Sun Araw, Eagles of Death Metal, Lil' Kim | Music | Los Angeles | Los Angeles News and Events | LA Weekly

Sun Araw, Eagles of Death Metal, Lil' Kim 

Also, Harry Partch's Bitter Music, Jonneine Zapata, Alan Pasqua Trio and others

Thursday, Jun 7 2012
Sun Araw: See Saturday.


Sun Araw: See Saturday.

fri 6/8

Balkan Beat Box


L.A. should have no problem embracing Balkan Beat Box, whose polyglot posi-vibes approach to songcraft evokes hometown heroes Ozomatli. BBB was started by a pair of Israel-born New Yorkers, Ori Kaplan and Tamir Muskat, who similarly fuse their own musical traditions with contemporary strains of hip-hop and dub, thus shrugging off the damning "world music" yoke while simultaneously offering a living tribute to international harmony. Klezmer brass burps, African rhythms rattle, beats break and synthesizers squawk on the band's new album, Give, while rapper-singer Tomer Yosef keeps the energy high with lyrics designed to stoke partygoer and politico alike. Take "Enemy in Economy," for instance: A genuinely upbeat chant — "Welcome to the U.S.A./We hope you have a wonderful day" — is followed by a ripping treatise on ethnic profiling. Time for a new riot on the Sunset Strip? —Chris Martins

J.D. McPherson, Omar and the Stringpoppers


Perhaps a kindred spirit for L.A.'s unflagging rock & roll & R&B & rockabilly label Wild is J.D. McPherson, who blasted out of Oklahoma in 2010 with "North Side Gal" with an all-analog band and a bad-boy-heart-of-gold voice like Dion back when he'd tear open his shirt to show 'em the "Rosie" on his chest. He's in the sweet spot of '56, with plenty of smooth but a few scars, too. Wild's engineer Omar Romero — the miracle man in the back of the shack making beers and tube amps sound immortal — will rally his Stringpoppers for their own set of no-fuckin'-around rock & roll. Plenty of good things have been (and should be) said about Wild's Luis and Gizzelle, but those who sleep on Omar sleep unfulfilled and uneasily. —Chris Ziegler

Also playing:

BOW WOW at National City Grove of Anaheim; STEEL MAGNOLIA at Club Nokia; FREESTYLE EXPLOSION at Gibson Amphitheater; YOUTH OF TODAY, GORILLA BISCUITS at Glass House (Pomona); MAPS & ATLASES at Troubadour; THE MARROW at Origami Vinyl; GORDON GOODWIN BIG PHAT BAND at Vitello's; ERNIE WATTS at LACMA; HELIOS CREED at the Echoplex.

sat 6/9

Lawrence Lebo


There are a lot of fine blues divas belting it out today, but there's no one quite like Lawrence Lebo. For one thing, the L.A. singer writes most of her own songs, which sound seamless next to the occasional classic covers she pulls out of her deep bag of tricks. For another thing, she's not a slavish revivalist satisfied to merely relive the past. "Lawrence's Working Girl Blues," from her excellent 2010 album, Don't Call Her Larry, Volume 3: American Roots, is a wise and cheeky answer to Three 6 Mafia's infamous "It's Hard Out Here for a Pimp," as Lebo, refreshingly, sings from the prostitute's point of view instead of the pimp's. She reveals her sentimental and romantic side in her charming recent single, "Happy Anniversary, Baby," a valentine to her bassist-husband, Denny Croy, that celebrates their quarter-century of marriage. Whether she's backed by a full band or croons with Croy in smaller settings, Lebo is a masterful song stylist, infusing her bluesy lamentations with a sassy sense of swing and a playfully jazzy sophistication. —Falling James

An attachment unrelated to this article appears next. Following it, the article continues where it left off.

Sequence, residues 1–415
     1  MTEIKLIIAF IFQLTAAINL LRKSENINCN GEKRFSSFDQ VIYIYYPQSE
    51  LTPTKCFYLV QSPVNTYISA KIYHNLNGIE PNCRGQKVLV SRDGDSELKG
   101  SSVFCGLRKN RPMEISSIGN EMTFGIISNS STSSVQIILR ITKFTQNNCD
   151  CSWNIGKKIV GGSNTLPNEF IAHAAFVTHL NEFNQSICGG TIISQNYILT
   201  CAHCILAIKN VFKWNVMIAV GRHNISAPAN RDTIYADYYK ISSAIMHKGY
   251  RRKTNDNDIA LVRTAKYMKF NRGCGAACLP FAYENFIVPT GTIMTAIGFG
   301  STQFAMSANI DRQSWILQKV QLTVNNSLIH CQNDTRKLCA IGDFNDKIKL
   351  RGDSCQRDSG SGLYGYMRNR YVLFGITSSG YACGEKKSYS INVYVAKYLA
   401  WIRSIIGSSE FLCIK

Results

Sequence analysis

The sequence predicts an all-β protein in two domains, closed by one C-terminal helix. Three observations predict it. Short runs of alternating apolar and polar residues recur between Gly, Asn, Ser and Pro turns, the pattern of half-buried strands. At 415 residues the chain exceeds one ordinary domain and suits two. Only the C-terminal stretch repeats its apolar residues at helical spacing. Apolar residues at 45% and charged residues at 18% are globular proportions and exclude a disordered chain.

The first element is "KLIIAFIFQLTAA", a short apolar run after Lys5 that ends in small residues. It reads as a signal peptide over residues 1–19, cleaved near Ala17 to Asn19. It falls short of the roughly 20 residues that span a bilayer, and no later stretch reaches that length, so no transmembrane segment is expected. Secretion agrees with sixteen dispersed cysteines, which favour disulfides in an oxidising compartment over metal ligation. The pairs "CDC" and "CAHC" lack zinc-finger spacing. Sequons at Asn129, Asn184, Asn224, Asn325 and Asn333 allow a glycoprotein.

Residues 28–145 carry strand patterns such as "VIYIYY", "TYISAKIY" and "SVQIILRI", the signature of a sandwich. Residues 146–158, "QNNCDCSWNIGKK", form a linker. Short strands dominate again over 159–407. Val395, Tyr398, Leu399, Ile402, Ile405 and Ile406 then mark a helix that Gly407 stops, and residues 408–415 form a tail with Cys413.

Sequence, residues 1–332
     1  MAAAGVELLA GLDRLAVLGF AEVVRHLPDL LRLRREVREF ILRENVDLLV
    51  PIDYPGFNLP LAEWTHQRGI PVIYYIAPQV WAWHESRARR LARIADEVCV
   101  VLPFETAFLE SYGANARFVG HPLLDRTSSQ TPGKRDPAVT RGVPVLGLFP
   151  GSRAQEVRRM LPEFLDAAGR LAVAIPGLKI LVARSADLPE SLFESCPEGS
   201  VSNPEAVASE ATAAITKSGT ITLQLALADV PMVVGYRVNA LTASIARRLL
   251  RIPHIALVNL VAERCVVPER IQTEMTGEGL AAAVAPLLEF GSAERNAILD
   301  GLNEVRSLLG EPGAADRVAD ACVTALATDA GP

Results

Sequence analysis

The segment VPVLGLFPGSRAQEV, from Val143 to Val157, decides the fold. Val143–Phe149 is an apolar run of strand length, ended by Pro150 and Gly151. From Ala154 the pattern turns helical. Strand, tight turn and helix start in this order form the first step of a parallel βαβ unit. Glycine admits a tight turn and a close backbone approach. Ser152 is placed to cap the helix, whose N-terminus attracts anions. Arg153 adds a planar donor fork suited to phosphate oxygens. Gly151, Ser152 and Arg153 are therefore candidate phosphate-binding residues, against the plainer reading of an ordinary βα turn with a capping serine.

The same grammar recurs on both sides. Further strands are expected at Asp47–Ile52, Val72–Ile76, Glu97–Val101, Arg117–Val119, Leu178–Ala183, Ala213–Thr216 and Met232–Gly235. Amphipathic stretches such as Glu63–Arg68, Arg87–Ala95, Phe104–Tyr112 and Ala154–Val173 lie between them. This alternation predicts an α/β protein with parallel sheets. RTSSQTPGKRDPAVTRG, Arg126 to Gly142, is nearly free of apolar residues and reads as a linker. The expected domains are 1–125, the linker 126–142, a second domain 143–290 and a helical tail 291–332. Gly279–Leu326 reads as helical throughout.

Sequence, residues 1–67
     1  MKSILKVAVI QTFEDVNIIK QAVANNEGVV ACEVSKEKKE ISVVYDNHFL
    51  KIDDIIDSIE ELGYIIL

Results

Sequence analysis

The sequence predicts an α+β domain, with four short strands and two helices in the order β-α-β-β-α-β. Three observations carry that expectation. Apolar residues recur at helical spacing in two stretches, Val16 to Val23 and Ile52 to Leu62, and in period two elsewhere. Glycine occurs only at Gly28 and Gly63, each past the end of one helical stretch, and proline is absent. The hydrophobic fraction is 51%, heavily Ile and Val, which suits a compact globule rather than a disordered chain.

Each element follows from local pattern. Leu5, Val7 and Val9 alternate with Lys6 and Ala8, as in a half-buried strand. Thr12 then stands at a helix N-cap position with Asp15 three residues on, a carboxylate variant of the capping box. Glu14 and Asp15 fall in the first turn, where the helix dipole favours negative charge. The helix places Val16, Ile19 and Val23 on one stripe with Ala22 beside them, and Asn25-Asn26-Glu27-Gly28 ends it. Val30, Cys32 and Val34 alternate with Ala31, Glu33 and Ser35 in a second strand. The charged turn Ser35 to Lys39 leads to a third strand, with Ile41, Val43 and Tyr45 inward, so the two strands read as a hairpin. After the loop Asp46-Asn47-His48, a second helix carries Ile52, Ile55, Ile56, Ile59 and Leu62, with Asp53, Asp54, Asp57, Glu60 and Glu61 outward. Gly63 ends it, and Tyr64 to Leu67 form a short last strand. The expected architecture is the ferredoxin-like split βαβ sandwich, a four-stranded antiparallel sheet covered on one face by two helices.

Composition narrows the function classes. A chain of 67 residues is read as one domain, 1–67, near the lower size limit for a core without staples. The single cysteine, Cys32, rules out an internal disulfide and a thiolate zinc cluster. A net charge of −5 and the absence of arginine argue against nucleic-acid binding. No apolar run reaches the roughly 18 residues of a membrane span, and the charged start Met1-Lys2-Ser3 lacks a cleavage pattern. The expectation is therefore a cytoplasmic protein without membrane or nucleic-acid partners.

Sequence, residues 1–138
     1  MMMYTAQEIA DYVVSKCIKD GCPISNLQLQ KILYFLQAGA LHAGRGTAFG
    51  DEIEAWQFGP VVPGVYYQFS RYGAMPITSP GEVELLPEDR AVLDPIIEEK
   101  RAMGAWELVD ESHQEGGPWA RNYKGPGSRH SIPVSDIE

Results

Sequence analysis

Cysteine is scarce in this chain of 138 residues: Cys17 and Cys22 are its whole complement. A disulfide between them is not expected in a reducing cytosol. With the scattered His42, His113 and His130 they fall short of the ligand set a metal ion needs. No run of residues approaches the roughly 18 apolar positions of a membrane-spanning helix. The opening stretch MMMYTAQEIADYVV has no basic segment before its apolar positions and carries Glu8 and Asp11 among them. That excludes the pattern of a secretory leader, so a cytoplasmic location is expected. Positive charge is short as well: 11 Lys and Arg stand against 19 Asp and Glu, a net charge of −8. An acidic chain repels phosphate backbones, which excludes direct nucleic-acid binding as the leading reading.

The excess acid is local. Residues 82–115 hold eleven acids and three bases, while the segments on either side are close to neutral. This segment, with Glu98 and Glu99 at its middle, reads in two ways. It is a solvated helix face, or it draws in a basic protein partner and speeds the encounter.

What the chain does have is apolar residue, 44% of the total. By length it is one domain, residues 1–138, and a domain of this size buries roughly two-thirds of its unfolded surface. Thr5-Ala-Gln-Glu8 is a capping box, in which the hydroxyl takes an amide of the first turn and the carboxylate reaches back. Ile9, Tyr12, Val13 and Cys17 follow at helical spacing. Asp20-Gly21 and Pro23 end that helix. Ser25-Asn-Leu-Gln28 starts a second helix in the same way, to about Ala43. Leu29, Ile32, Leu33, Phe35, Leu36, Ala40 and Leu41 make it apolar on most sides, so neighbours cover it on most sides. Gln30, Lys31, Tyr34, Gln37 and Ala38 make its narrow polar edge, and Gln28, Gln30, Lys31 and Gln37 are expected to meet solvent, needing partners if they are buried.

Van Halen, Kool & the Gang


After decades of fitful attempts, guitarist Eddie Van Halen has finally found a way to peacefully coexist with singer David Lee Roth long enough for both of them to fill a fleet of armored trucks with millions in cash, on the latest Van Halen reunion tour. Why now? Why not? "I don't feel tardy," as Roth irreverently put it on 1984's "Hot for Teacher." The reunion is ostensibly an excuse to flog A Different Kind of Truth, the quartet's new comeback CD, which only intermittently evokes the young-&-dumb anthems from Van Halen's late-'70s prime. Most fans will go for nostalgic reasons — to see Eddie erupt in one of his trademark flurries of pyrotechnic wankery while David Lee attempts to navigate Spinal Tap's "thin line between clever and stupid" on raging ditties like "Everybody Wants Some." But you better catch 'em while you can — the second half of this tour was suddenly amputated for vague reasons. Also at the Honda Center, Tues. —Falling James

Sun Araw


Cameron Stallones and his band, Sun Araw, make the music of the ancient future: endless, bottomless, electronic and primal, with echo and noise chopping through the kind of waves of bass of which half-remembered legends tell. Recent collab with local controller M. Geddes Gengras and Jamaica's titanic Congos made for an EP of staggering purity — the kind of rejuvenating heat and light reported only by visionaries and close encounterers of the second kind — but the Araw discography unfolds its own complex universe somewhere between Lee "Scratch" Perry, Julian Cope and Jack Kirby. Stallones is an explorer generally but a spelunker specifically, the kind of musician who welcomes a chance to walk alone into the undiscovered dark. Some are born deep, some achieve deepness, and some beatifically welcome the deepness as it blooms around them. —Chris Ziegler

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